Wednesday, May 19, 2010

It's inadequate, and I like it!

If you've hung around me any significant length of time, I've probably either corrected you on an incorrect use of words, or I've asked you to clarify an ambiguous statement. For instance, the statement, "That was a cheap shirt!" can mean A) the shirt was inexpensive, B) the shirt was poorly made, or C) both. If I'm thinking about buying the shirt, I want to know if it's A, B, or C.

However, despite my best efforts to ensure people make clear, correct statements, the English language is fundamentally flawed. It is inadequate as a vehicle for perfectly explicit communication. The crazy thing is: I love it. Here's a stupid joke:

A carrot walks into a bar. The bartender says, "We don't serve food here."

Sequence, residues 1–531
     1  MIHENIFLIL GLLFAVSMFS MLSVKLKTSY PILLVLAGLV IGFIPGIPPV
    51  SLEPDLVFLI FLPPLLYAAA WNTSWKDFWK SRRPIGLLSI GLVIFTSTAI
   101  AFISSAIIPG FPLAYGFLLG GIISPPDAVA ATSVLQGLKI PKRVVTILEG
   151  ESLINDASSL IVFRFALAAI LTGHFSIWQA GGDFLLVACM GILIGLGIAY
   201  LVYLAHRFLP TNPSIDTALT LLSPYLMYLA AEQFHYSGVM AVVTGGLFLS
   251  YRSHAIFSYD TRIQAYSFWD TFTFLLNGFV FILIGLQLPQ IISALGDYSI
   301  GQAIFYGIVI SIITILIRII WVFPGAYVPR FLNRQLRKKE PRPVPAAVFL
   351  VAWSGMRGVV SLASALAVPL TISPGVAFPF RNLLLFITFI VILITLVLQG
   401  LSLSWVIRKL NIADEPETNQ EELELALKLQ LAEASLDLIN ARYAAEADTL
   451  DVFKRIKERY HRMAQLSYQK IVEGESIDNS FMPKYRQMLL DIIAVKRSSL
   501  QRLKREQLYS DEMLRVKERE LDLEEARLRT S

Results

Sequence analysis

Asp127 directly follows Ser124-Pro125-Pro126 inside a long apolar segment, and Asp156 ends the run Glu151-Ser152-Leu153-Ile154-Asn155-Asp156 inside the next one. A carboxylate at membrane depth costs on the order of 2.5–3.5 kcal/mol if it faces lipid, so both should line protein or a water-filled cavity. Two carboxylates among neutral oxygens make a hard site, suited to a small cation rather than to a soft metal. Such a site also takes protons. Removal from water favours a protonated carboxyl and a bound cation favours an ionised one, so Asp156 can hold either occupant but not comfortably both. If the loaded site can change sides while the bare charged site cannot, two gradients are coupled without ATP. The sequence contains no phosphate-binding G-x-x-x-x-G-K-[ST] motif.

This joke is only possible because English, like any language, has words that are allowed multiple meanings. Or how about this terrible joke:

A string walks into a bar. The bartender says "We don't serve strings here." So the string leaves the bar, and goes crazy: convulsing, twisting, and rubbing himself all over the ground. He then walks back into the bar and asks for a drink. The bartender says "Hey, aren't you that string I just told to get lost?" And the string says, "No, I'm a frayed knot."

This joke works because of those annoying little things we learned about in grade school called "homophones."

Our world would be a dull place without our language's pitfalls of ambiguity, even if it means I still don't know if I should buy that cheap shirt or not.